What resulted was a disgustingly overbuilt tech world replete with Zoom-class employees with college degrees earning six figures without limit. Central bank credit caused the creation of an overclass that eventually caused all sorts of mischief, economic and cultural. They invented idiotic ideas like ESG, DEI and woke philosophy in general.
None of this nonsense had anything to do with reality but in Bernanke’s world, reality didn’t matter anymore. This sector got so huge that it became a critical number to push lockdowns under the slogan “Stay home, stay safe.” These privileged elites forced the working classes to serve them food at their doorsteps and face the virus while they luxuriated in their fancy apartments pretending to work on laptops.
The Chart That Reveals All
So that we understand the radical nature of this experiment, please study the following chart carefully. This is the federal funds rate adjusted for inflation. What we see is the longest period of production distortion in American history. This chart goes from 1950s to the present.
This whole policy becomes unsustainable once the value of the dollar begins to fall due to price inflation. At some point, the central bank has to turn things around. When things become shaky or prices start to shift and the central bank starts to back off its pillaging policies, the house of cards starts to fall apart, as resources are drained from long-term speculation to shorter-term consumption and the restarting of real savings.
That’s precisely where we’re in the cycle. Long-term projects are falling apart. Consumers and investors are turning away from the long parts of the yield curve to make money in the short term. Resources in general are going through a massive shift in terms of time allocation as interest rates shift.
The Yield Curve
That the yield curve has dramatically inverted is hardly a surprise. It is a sign that the ship of production is turning very slowly, and investors are unconvinced yet that the Fed will keep this up.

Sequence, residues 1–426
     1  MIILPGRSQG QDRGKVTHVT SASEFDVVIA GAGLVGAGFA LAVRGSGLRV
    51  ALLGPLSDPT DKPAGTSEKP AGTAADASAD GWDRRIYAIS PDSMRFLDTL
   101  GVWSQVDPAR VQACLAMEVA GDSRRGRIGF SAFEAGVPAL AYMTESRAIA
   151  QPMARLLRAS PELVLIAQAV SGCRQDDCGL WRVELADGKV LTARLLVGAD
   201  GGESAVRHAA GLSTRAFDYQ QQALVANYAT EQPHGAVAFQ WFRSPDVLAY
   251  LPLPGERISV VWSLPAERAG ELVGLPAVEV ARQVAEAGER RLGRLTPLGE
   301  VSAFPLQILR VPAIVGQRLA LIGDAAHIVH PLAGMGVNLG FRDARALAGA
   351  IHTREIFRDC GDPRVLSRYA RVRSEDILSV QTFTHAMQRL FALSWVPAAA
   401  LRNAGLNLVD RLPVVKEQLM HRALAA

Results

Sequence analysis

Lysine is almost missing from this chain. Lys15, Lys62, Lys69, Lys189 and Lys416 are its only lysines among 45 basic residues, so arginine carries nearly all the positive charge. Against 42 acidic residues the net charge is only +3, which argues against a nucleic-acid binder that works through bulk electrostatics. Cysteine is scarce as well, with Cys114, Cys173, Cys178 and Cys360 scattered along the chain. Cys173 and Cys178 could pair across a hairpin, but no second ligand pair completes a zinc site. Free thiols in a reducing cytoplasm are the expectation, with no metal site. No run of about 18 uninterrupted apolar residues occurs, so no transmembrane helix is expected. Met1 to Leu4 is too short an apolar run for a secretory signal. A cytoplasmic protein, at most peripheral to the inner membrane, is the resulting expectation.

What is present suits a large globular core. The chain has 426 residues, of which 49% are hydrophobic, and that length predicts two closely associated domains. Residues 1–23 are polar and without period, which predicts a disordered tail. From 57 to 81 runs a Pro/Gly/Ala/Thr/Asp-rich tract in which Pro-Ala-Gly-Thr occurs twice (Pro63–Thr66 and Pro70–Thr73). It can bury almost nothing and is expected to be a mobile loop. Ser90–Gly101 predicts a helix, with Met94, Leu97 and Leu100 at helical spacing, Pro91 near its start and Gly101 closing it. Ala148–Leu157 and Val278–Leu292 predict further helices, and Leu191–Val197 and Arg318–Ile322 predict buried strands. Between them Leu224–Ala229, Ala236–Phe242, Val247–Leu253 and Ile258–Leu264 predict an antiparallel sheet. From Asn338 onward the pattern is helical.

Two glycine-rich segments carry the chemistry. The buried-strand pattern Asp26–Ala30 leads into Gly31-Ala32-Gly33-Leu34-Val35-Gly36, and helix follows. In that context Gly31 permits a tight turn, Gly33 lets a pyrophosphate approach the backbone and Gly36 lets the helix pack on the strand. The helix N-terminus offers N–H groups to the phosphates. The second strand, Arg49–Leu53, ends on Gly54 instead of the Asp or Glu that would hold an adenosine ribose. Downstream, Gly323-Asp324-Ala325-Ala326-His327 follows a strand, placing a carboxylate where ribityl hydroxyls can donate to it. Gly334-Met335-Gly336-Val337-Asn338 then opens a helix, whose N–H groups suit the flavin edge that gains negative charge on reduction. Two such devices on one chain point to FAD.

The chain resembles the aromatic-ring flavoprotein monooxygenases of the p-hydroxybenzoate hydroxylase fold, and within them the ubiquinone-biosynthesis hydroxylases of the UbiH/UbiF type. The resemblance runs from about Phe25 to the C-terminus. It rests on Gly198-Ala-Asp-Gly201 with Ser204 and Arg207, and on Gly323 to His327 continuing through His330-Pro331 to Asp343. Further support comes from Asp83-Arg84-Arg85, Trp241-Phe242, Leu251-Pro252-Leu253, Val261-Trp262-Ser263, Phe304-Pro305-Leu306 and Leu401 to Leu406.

But that point is that the Fed must keep this up if it intends to get inflation rates back to the target. The federal funds rate will have to enter back into positive territory in real terms. That means 6%, 8% or even 10%, pushing long yields far into the double-digit range.
To be sure, we should all in a macroeconomic sense look forward to a new age of more honest finance. The disaster of zero-interest rate policy is finally coming to an end. Former Fed chief Ben Bernanke’s Nobel Prize notwithstanding, this policy massively distorted capital allocation in the economy and around the world for the better part of 14 years. With its end, we’re going to get a taste of some economic and financial rationality.
We might even be able to save money without losing money. So in that sense, the man who bears the main responsibility for inflation, current Fed Chair Jerome Powell, is the same guy who will finally fix what Bernanke broke all those years ago. Remember those days when everything seemed too good to be true? There was a financial crisis that the Fed magically fixed with no downside.
Except that there was a huge economic, cultural and social downside. Frugality and prudence gave way to massive excess and a level of craziness in culture that we never imagined we would experience.
What made this preposterously unjust system possible was the Fed with Bernanke at the helm. Quantitative easing turns out to mean upending all normal life and paying the horrid price for this a decade and a half later.
Someday historians will look back at our times as a great turning point. We’ve been through calamity, and it worsens by the day. Will we enter into a new Dark Age? Or find the light and crawl our way toward it before it’s too late?
If we find our way, it will be because the Austrian economists of old will guide us.